His immediate successor was the Toledan Naharro. 
Nothing from Naharro's pen — so far as I know — has 
come down to us. He, and not Lope de Eueda, deserves 
M. Louis de Viel-Castel's eulogy, for he is known to 
posterity, not merely as an admirable comedian, but 
also as the father of stage- management in Spain. He it 
was, as Cervantes tells us, who brought the musicians 
before the curtain, abolished the senseless custom which 
had grown up of every actor playing in a beard, and he 
it is who deserves whatever immortality is due to the 
inventor of side-scenes, stage thunder, and mimic battles.^ 
We have seen the appreciation with which the Italian 
comedians were received in England. In Spain a similar 
Schwdrmerei was called forth by Ganasa, whose consum- 
mate art was a revelation to the Spanish public. This 
celebrated Italian invaded Spain with his troupe in 
157 L^ His success was immediate and complete. He 

1 " Obermann par De S6nancour. Avec une preface de Sainte- 
Beuve" (Paris, 1833), i. pp. 208-209. 

^ Prdlogo al Lector ("Comedias"). 

2 I must confess that I find mucli difficulty in following, or 
adjusting, the involved chronology of Pellicer. Ganasa, according to 
that useful writer (i. p. 53), arrived in Spain in 1574. He seems to 


forced a faint, reluctant smile from the thin lips of 
Philip, and thirty years later his performances were 
still the delight of a younger generation of playgoers. '^ 
He would seem to have played almost the entire range 
of theatrical characters with immense effect, and the fact 
that he excelled especially as a mime is not likely to be 
held against him by those who remember that Garrick, 
no lenient judge, classed the mime Sachi among the 
three best comic actors of the world in his day/ 

Things were at this pass when Cervantes came 
forward with that invincible buoyancy which never left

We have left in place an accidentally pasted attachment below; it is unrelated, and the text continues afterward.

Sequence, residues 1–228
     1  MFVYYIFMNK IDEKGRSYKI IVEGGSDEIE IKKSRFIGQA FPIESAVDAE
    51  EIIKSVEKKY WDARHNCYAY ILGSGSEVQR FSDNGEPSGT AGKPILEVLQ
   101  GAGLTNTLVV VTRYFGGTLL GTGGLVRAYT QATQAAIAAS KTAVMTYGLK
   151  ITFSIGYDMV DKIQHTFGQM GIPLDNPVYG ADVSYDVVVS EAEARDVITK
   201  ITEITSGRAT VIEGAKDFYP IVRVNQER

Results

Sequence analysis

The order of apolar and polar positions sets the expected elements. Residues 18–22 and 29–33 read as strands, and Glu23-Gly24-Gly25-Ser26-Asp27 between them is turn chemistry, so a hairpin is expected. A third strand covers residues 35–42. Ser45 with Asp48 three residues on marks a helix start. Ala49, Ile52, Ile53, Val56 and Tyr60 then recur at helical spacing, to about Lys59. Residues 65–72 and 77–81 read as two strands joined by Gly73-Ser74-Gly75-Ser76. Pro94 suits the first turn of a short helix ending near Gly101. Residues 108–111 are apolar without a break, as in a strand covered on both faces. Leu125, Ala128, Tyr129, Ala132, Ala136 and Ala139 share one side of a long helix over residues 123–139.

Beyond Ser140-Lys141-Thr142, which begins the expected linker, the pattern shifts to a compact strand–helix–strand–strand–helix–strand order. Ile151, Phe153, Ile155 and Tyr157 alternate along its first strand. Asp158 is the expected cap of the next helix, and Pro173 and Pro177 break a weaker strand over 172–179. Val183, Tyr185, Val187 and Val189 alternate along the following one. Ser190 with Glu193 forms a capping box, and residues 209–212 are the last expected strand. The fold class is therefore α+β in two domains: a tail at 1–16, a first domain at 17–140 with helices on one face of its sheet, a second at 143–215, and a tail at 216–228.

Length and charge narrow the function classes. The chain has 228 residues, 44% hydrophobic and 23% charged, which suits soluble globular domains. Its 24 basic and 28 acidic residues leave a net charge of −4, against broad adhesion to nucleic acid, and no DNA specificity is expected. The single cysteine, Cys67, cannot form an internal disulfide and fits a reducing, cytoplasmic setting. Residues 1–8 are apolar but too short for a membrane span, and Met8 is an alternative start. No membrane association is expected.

him. He was ready for anything: "tragedy, comedy, 
history, pastoral, pastoral -comical, historical -pastoral, 
tragical - historical, tragical - comical - historical - pastoral, 
scene individable or poem unlimited " — the managers 
had but to ask, and he was prepared to supply them 
with masterpieces for ever. His old favourites. Lope de 
Eueda and Naharro, had done admirably well ; but he 
was born, he thought, to show a more excellent way. 

Curiously enough, so contagious, so irresistible was 
his sublime self-confidence that he actually persuaded 

have been still playing in 1579 (i. p. 72). Are we then to under- 
stand that Ganasa's first tour extended over five years ? Yet it seems 
difficult to attach any other meaning to Pellicer's phrase : " Sin 
dada seria este" [i.e. el ano 1603] "el tiempo de su segunda venida'' 
(i. p. 73). 

1 " Dicese que Felipe II. en medio de su seriedad gustaba de las 
comedias mimicas de Alberto Ganasa." — Pellicer, i. p. 74. 

2 See M. Kelly's "Reminiscences" (London, 1826), i. p. 49. 
Sachi was, apparently, a Venetian. The others of this interesting 
trio were CassacieUo, at Naples, and Prdville, at the Com^die 


managers into a belief in Mm. Most of his dramatic 
work is lost to us, and we must form our judgment 
chiefly on the Numancia and on the volume of plays 
published in 1615/ But we know on his own testi- 
mony that he produced some twenty or thirty comedies 
— tbe delightful vagueness of the statement is 
eminently characteristic — which, if not highly distin- 
guished, at least escaped being hissed off the stage. We 
can only judge by what we know, and the specimens 
whicb have survived for us were hardly likely to set 
the world ablaze. Fanatical adorers of Cervantes have 
been found to worship his dramatic genius, but it 
requires the eye of faith to see any very high form of 
dramatic talent in the examples which have come down 
to us. These judicious friends who have seen in his 
plays an occult wealth of wisdom and a constant rich- 
ness of psychological reference are of the same kidney as 
those too ingenious Teutonic commentators, who have 

1 Among the lost plays are La Batalla Naval, La Jermalen, La 
Amaranta 6 La del Mayo, El Bosque Amoroso, La Unua y la Bizarra